The top-of-the-line Rove LTD features a butted steel frame paired with a full carbon fork. Components include Shimano’s GRX 810 groupset and 650b WTB rims and tires. The Rove LTD retails for £2,099/$2,399. Other options include the Rove AL 650, which, unsurprisingly, utilises a 650b wheel size, and comes with a budget-friendly 2x 8 speed drive chain; the Rove DL features a Sram Rival 1x chainset and the brand’s steel Project two disc fork.
The essence of the Sutra bike hasn’t changed since its emergence a decade ago: it’s a functional and reliable touring bike. Mudguards, a rear rack, bar-end shifters and a 3×10 drivechain adorn its steel frame. All touring staples. There’s even a leather Brooks B17 saddle for good measure. However, the Sutra isn’t a relic. It features flat mount disc brakes and uses the additional clearance to run 40mm tyres. It also boasts thru-axles and comes with tubeless compatible rims.
Taking the original bike’s blueprint and adds more off-road capability is the Sutra LTD. It’s still built around a forgiving and durable steel frame but the triple chainset is replaced with a more gravel-friendly 11-speed SRAM Rival 1 set-up. Its multi-day bikepacking credentials are aided by a set of 700c x 50mm tyres and a slew of frame and fork mounts.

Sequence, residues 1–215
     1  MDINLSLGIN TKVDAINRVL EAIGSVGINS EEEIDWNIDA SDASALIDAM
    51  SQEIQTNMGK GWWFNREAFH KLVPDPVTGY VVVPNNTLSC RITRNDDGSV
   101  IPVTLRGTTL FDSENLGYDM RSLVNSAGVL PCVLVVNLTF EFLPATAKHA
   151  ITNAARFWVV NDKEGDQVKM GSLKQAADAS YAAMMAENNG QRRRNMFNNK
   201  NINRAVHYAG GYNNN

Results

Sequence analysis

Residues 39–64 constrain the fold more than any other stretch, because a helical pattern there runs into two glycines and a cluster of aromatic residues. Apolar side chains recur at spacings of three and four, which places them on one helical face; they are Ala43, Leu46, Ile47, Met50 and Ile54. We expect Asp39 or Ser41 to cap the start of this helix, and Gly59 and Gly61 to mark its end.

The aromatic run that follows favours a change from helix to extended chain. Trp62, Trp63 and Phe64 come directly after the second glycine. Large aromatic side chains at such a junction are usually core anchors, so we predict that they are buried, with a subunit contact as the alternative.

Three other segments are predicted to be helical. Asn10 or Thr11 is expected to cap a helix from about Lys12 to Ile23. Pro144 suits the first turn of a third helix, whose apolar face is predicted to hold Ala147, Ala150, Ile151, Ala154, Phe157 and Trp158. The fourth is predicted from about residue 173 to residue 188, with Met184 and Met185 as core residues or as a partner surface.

Newer still, the Sutra ULTD, is a drop-bar steel-framed mountain bike. It’s also one that challenges convention, featuring 29 x 2.25″ tyres and a dropper post. Like the LTD it too opts for a 1x drivechain but this time with a 36t chainring to get you up even the gnarliest of dirt ascents.
Kona’s Jake the Snake cyclocross bike first hit the market in 1997, named after the company’s founder and Canadian cyclocross champion Jacob Helibron. Winners of national championships and World Cup races, they remain a fixture on the CX scene. But they also excel as a fast commuter, a rugged winter trainer and a gravel grinder. It’s a do-it-all drop bar bike.
The current Jake line-up stays true to this heritage. It features two models, the Jake the Snake and the Major Jake. Both are created to be race-ready yet equally at home on quiet gravel roads and busy urban streets. There are plenty that unite the two bikes. Both come with UCI standard 700 x 33c tyre, and both feature hydraulic disc brakes, thru-axles, internal cable routing and commuter-friendly mudguard mounts.
But the differences are noteworthy.
The Major Jake is positioned as the more complete race machine and its carbon frameset makes it the lighter option of the two. If you’re looking to compete at the head of a race this could well be a deciding factor.
The Jake the Snake model, while still featuring race-proven geometry, features an aluminum frame and carbon fork. It’s more affordable, which likely makes it a more commute-friendly option. Other differences include a SRAM Rival 1 gruppo on the more expensive Major Jake, while the Snake opts for a blend of SRAM’s entry-level 1x groupset, Apex 1, with an FSA chainset and TRP’s HY/RD brakes.